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Charles LeDray
at Museum of Fine Arts Houston, Houston, Texas
Review by Troy Schulze

The diminutive objects of Charles LeDray go well beyond mere dollhouse furniture, as his obsession with sheer

Continuing through September 11, 2011

It might seem natural to categorize New York-based Charles LeDray as an artist who works in miniature, but that would be simplistic. Still, there’s an overriding fascination with the small scale in Le Dray’s sculptures and mixed-media pieces, but beyond their diminutive size they are endlessly curious, elusive and mysterious.
Unlike doll costumes and dollhouse furniture, there’s nothing precious about the tiny clothes and objects on display in this mid-career retrospective. In this smaller-sized universe innocence was lost long ago. It’s a male-dominated world of macho nostalgia, both straight and gay. Femininity exists in objects, like the several glass cases displaying tiny pottery specimens, or in the absence of objects, like “Jewelry Window,” a store window displaying black neckforms and mounts meant to display jewelry (it’s backlit and bare). “Oasis” is one of two glass cases, each displaying 2,000 small ceramic works, like little vases and urns. I tried to find a single duplicate among them. I could not.
Like other “works” in the show, these exude an all-consuming obsession (echoed in the exhibit’s title “workworkworkworkwork”). It’s both a mantra to produce an output of material and a literary image of the amount of material there is to see. “Throwing Shadows” consists of three display cases containing 3,000 little pieces of black porcelain, and it is a confounding example of that mantra. It seems unreal: The tiny bottles and vases cast shadows from unknown light sources on the white surface of the cases (almost as if they were printed on), and the reflections in the glass reverberate like visual echoes.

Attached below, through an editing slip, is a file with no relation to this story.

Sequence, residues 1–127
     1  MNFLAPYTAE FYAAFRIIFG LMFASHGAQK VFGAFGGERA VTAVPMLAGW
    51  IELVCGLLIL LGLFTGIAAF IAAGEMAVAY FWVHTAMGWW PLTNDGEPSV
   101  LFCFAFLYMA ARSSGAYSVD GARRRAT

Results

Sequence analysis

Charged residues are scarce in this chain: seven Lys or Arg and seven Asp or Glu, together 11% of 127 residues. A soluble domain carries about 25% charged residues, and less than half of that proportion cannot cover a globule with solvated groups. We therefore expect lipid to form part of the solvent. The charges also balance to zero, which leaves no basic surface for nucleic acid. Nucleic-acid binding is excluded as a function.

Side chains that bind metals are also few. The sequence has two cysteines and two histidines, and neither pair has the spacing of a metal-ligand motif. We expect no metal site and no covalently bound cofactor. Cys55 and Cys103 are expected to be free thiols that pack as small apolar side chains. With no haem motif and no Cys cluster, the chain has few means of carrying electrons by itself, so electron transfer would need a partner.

“Men’s Suits” is another example of stunning detail. Three rooms of a clothing thrift store have been recreated in small scale. A panel ceiling with fluorescent lights hangs above each room; you have to crouch to investigate. Racks of suits occupy one room, a necktie display sits in another, and the third is a backroom with rolling laundry bins, racks of hangers and laundry bags. Little coat hangers? Some company surely makes these for doll clothes, right? Nope. LeDray made each one by hand, and there are seemingly hundreds of them — wire, clear plastic and white plastic. The skill and dedication is staggering — as is the profound weirdness.
It takes at least two visits to really soak up this exhibit. It’s hard to walk away. Not to be missed are LeDray’s works in human bone, which he has stopped using as a material due to the dubious methods by which it’s procured. “Orrery” is a tiny and delicate model solar system, carved from bone, under a glass dome. Also terrific are LeDray’s little uniforms representing the four branches of the U.S. Military, and the witty “World’s Greatest Dad,” a black bomber jacket emblazoned with patches. Among them: “Cure Virginity,” “Desert Storm,” patches for Camel and Marlboro cigarettes, and that quintessential harem of male fantasy, the Dallas Cowboy Cheerleaders.
LeDray shrinks banalities, stereotypes and work-a-day tropes, and in so doing causes us to sharpen our focus on them. Right along with the artist’s deep ruminations, our own memories and personal histories are hidden and triggered here as well.

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